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Business booms for background checkers

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SAN FRANCISCO — Two days after terrorist attacks toppled the World Trade Center, the chief executive of Empire International spent $40,000 for criminal background checks on all 500 of his livery drivers, most of whom work in New York City.

He couldn't really afford it, since the slowing economy was hurting his business already, and travel to New York-area airports was practically nonexistent since the attacks. But it was the only way he could think of to reassure his clients that they're safe with his drivers, some of whom have Middle Eastern backgrounds.

"We wanted to give people an additional sense of security," said David Seelinger, president and chief executive of New Jersey-based Empire International Ltd. "So they know who's driving their car and that there are no problems."

A week later, after all the checks "came back clean," Seelinger sent his clients a reassuring e-mail.

"Is it an extra level of comfort? Absolutely," he said. "Can you uncover something? Of course you can."

Dennis Stevenson, a driver with Empire International, said he didn't mind having his background checked.

"You're going to be picking up high-profile people," he said. "They need to know that you're OK."

Most industry experts agree that a criminal records check would not have rooted out the terrorists suspected in the attacks in New York and Washington. Still, if the flight schools that trained some of the hijackers had done an inexpensive identity check on their students, they might have discovered that the would-be pilots were misrepresenting themselves.

"An identity check is probably a better preventative measure for terrorism than a criminal background check," said Gary Cornick, president of San Jose-based Peoplewise, which does both.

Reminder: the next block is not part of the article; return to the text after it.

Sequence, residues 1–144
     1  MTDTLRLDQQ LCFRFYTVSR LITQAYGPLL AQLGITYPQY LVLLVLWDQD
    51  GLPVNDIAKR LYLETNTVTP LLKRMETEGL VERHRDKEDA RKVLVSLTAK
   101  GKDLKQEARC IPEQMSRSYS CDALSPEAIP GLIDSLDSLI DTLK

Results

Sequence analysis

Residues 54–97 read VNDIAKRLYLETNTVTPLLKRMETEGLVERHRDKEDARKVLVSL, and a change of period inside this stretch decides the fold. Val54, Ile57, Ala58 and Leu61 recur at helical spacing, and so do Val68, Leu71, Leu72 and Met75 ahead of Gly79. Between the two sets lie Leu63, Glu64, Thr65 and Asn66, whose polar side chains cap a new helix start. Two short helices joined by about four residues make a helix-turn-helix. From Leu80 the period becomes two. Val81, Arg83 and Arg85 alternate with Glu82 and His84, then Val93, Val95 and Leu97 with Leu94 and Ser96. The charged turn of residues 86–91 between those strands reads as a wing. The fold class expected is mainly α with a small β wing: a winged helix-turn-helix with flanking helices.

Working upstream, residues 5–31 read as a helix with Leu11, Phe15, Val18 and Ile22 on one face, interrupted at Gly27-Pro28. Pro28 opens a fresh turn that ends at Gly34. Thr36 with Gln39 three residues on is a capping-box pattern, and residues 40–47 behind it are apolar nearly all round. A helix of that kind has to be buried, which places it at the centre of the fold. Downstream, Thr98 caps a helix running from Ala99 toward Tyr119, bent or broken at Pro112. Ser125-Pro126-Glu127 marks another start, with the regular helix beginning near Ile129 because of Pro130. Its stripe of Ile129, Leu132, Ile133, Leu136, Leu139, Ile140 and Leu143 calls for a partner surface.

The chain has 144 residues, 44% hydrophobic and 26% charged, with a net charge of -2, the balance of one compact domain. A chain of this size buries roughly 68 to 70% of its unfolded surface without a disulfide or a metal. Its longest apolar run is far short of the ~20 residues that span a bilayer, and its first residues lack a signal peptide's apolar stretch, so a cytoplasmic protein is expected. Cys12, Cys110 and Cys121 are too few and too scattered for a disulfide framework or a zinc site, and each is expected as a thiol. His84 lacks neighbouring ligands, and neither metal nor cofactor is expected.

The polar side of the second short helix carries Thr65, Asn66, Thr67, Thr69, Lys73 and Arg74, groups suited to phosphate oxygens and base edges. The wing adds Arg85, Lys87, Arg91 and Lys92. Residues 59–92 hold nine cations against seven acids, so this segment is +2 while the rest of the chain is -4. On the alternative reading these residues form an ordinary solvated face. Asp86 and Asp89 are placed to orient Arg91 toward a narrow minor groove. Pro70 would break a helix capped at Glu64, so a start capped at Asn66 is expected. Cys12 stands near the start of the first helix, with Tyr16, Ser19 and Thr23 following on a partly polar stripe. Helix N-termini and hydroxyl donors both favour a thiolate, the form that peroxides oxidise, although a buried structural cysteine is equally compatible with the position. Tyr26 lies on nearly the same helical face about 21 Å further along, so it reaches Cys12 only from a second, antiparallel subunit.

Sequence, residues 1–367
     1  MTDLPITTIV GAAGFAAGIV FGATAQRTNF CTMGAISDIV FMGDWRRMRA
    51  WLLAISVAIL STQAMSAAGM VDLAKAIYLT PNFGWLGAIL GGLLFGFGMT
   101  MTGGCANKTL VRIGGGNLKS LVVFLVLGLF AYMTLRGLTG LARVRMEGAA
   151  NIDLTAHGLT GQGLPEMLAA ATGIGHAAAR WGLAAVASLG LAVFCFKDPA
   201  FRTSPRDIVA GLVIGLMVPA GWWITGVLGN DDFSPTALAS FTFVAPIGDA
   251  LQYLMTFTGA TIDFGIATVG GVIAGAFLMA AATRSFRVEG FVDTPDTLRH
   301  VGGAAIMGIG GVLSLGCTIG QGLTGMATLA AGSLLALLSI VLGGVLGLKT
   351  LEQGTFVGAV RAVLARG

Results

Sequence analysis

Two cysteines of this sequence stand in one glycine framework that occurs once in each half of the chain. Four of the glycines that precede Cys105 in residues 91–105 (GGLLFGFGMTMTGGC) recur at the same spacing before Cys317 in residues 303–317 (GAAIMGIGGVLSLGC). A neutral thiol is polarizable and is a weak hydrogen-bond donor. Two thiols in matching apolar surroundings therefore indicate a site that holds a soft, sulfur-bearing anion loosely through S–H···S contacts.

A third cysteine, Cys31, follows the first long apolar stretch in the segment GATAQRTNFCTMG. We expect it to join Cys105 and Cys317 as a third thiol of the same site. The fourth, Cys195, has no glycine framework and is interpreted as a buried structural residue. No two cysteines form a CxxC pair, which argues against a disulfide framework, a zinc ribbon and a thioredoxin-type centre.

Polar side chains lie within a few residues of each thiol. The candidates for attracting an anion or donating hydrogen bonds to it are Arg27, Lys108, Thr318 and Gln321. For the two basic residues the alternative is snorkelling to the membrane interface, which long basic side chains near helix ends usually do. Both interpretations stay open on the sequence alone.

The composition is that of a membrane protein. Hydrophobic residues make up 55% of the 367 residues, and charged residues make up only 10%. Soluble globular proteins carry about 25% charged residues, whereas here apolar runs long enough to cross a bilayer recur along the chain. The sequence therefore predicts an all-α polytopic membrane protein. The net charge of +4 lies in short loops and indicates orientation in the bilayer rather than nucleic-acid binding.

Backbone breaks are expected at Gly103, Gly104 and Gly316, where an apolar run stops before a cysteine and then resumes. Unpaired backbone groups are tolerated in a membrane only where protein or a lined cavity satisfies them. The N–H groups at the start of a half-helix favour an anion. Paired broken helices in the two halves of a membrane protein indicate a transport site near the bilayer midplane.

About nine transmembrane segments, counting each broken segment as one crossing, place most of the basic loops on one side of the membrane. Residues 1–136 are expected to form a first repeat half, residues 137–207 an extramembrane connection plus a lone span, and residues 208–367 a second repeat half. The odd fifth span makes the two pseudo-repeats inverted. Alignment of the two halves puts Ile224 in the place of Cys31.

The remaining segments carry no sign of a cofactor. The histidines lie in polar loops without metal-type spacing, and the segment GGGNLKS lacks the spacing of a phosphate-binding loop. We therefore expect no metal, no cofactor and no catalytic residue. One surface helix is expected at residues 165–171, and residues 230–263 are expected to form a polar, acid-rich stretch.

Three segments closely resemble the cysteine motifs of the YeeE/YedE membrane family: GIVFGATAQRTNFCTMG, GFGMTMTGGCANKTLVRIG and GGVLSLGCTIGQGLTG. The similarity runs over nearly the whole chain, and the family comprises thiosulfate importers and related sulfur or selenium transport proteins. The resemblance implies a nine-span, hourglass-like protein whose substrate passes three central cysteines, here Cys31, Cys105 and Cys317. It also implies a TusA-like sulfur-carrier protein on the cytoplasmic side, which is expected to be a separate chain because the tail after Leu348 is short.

Peoplewise charges about $6 for a basic identity verification, showing that a person's name, address, phone number and Social Security number all match up.

Renee Svec, spokeswoman for Florida-based HireCheck, the company Seelinger used to check his drivers, agreed.

"We can help employers make sure the person they're hiring is who they represent themselves to be," she said. "What we can't tell is if they're a terrorist. There's no database for that."

Many companies already do the minimum, verifying information on job applications. The next step is a criminal records check. Peoplewise said its own surveys suggest that 64 percent of U.S. businesses did some type of criminal record check on its employees last year, up from 44 percent in 1998.

Since the Sept. 11 attacks, clients have called to explore doing more intense checks, and airport-based businesses are particularly concerned, said Dave Cook, with Atlanta-based ChoicePoint Inc., which does risk management and fraud prevention, primarily for the insurance industry.

"They're wondering, 'Should we be broadening our scope to cover more areas, more years, should we add checks on top of what we're doing?' " Cook said.

"We grow because of the fears of employers and landlords," said Robert Mather, president of Pre-employ.com. "I wish it was because we were selling Popsicles."